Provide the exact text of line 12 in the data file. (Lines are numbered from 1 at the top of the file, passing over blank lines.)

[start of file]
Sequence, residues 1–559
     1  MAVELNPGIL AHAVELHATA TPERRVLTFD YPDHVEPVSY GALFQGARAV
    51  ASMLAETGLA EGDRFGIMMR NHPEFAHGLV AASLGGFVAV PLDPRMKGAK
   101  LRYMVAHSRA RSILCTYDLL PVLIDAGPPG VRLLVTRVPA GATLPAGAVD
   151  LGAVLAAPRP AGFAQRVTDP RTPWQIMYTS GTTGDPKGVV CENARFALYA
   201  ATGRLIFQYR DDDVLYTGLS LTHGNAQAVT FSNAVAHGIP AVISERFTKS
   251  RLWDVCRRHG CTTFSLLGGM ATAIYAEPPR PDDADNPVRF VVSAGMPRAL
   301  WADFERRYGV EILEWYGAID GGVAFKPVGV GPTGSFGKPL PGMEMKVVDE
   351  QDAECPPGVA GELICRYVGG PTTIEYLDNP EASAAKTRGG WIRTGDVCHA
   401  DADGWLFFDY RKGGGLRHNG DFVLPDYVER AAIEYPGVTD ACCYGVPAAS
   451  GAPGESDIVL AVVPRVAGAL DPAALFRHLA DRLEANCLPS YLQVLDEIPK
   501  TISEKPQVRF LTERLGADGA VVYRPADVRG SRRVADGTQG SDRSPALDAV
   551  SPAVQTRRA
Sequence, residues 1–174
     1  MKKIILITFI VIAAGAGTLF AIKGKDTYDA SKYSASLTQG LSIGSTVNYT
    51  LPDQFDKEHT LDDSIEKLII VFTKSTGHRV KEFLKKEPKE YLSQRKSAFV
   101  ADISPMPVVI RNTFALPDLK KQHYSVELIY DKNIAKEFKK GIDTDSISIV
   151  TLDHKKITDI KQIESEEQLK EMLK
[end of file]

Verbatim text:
   501  TISEKPQVRF LTERLGADGA VVYRPADVRG SRRVADGTQG SDRSPALDAV